JAPAN EXPANDS EVACUATIONS AMID FRESH QUAKE
A POWERFUL earthquake gain yesterday rattled Japan's northeast as the government urged more people living near a tsunami-crippled nuclear plant to leave, citing concerns about long-term health risks from radiation.
The magnitude 7.0 aftershock, which trapped some people in collapsed homes, came just hours after residents bowed their heads and wept in ceremonies to mark a month since a massive earthquake and tsunami killed up to 25,000 people and set off radiation leaks at the nuclear plant by knocking out its cooling systems.
'Even after a month, I still cry when I watch the news,' said Marina Seito, 19, a student at a junior college who recalled being in a basement restaurant in Sendai when the original 9.0-magnitude earthquake hit on March 11. Plates fell and parts of the ceiling crashed down around her.
Officials said yesterday's aftershock did not endanger operations at the tsunami-flooded Fukushima Dai-ichi nuclear complex, where power was cut but quickly restored. The epicenter was just inland and about 100 miles (160 kilometres) north of Tokyo.
But a nuclear safety official said repeated strong aftershocks – another large quake hit last Thursday – were slowing work at the plant, and said that if one of them were to spawn a tsunami, the complex would be just as vulnerable as on March 11.
'At the moment, no tsunami resistance has been added to the plant. At the moment, there is nothing we can do about it,' said Hidehiko Nishiyama of Japan's Nuclear and Industrial Safety Agency.
With the crisis dragging on, residents of five more communities, some of them more than 20 miles (30 kilometers) from the plant, were urged to evacuate within a month because of high levels of radiation, Chief Cabinet Secretary Yukio Edano told reporters. People living in a 12-mile (20-kilometre) radius around the plant already have been evacuated.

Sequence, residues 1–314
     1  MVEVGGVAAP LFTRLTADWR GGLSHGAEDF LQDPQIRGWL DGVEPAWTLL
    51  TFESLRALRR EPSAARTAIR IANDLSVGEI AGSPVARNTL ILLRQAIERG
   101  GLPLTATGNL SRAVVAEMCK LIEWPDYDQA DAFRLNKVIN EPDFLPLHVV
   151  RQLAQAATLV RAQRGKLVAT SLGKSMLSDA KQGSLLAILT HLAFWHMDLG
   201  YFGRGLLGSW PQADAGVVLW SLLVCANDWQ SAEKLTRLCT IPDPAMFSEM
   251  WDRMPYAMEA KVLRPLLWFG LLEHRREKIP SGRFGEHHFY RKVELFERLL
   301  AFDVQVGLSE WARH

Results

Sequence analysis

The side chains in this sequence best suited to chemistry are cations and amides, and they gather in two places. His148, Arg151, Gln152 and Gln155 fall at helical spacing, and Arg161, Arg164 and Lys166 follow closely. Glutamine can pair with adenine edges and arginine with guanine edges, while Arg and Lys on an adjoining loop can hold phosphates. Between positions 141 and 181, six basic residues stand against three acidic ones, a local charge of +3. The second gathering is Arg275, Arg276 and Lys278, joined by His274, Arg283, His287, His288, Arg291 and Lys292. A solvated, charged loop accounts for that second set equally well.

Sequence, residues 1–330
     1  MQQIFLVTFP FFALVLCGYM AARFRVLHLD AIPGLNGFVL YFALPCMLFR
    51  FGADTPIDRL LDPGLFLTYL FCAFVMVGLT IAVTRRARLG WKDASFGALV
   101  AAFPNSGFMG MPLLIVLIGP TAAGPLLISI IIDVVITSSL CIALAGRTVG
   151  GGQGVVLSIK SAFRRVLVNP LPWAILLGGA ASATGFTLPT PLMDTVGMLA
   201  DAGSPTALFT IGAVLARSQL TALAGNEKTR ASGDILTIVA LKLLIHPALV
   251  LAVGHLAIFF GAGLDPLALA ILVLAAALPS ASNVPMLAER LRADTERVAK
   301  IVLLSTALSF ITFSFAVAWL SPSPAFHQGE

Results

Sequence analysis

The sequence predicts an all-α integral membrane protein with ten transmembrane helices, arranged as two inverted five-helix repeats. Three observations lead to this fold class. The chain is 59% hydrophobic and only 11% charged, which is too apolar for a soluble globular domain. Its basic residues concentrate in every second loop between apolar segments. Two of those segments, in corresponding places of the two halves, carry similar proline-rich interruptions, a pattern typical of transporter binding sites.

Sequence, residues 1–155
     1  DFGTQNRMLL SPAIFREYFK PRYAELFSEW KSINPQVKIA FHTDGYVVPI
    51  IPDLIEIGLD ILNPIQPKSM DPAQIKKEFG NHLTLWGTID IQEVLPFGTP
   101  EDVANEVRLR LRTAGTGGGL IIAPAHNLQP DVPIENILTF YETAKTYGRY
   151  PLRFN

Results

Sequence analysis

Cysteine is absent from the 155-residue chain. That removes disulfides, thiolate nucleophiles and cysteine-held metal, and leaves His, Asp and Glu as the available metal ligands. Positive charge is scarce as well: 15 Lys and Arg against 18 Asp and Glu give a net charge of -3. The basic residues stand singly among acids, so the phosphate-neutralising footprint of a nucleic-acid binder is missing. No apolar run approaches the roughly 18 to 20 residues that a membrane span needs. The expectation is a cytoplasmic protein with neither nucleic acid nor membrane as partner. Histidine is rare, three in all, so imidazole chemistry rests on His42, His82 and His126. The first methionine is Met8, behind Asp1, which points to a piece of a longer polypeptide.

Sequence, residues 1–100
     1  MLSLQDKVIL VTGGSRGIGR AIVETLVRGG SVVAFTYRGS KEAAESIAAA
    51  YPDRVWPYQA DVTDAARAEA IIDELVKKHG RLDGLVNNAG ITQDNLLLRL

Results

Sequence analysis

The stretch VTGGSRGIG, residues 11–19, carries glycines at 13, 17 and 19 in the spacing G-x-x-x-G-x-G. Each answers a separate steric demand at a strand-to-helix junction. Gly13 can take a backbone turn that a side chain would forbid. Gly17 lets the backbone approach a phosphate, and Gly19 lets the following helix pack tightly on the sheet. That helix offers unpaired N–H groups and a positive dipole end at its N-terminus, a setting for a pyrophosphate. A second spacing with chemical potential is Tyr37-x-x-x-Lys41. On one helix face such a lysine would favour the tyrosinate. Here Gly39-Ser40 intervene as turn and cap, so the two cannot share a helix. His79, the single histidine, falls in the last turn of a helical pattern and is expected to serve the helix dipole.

'This is not an emergency measure that people have to evacuate immediately,' he said. 'We have decided this measure based on long-term health risks.'
Edano sounded a grave note, acknowledging that 'the nuclear accident has not stabilized' and that 'we cannot deny the possibility the situation could get worse.'
The latest quake spooked people yet again in a disaster-weary northeastern Japan. Customers in a large electronics store in Sendai screamed and ran outside and mothers grabbed their children.
In Iwaki, a city close to the quake's epicenter, three houses collapsed and up to seven people were believed trapped inside. Two were later rescued, city fire department spokesman Takumi Namoto said. Their condition, and the fate of the others, was not immediately known.
Japanese officials said the quake had a magnitude of 7.0, but the U.S. Geological Survey said it measured 6.6.
With workers still far from bringing the Fukushima Dai-ichi plant under control, the bodies of thousands of tsunami victims yet to be found and more than 150,000 people living in shelters, there was little time Monday for reflection on Japan's worst disaster since World War II.
People in hard-hit towns gathered for ceremonies at 2:46 p.m., the exact moment of the massive quake a month earlier.
'My chest has been ripped open by the suffering and pain that this disaster has caused the people of our prefecture,' said Yuhei Sato, the governor of Fukushima, which saw its coastal areas devastated by the tsunami and is home to the damaged plant at the center of the nuclear crisis. 'I have no words to express my sorrow.'
In a devastated coastal neighborhood in the city of Natori, three dozen firemen and soldiers removed their hats and helmets and joined hands atop a small hill that has become a memorial for the dead. Earlier, four monks in pointed hats rang a prayer bell there as they chanted for those killed.
The noisy clatter of construction equipment ceased briefly as crane operators stood outside their vehicles and bowed their heads.
In the industrial town of Kamaishi, Iwate Gov. Takuya Tasso led a moment of commemoration as a loud siren rang through a high school gymnasium being used as a shelter. He bowed while people who have lived there since the tsunami kneeled on makeshift futons, bowed their heads and clasped their hands.
The school's students will return to classes today even though 129 people are living in their gym. Some, like 16-year-old Keisuke Shirato, wore their baseball uniforms for yesterday's ceremony. Shirato's family was not affected by the tsunami, but about half of his teammates lost their homes.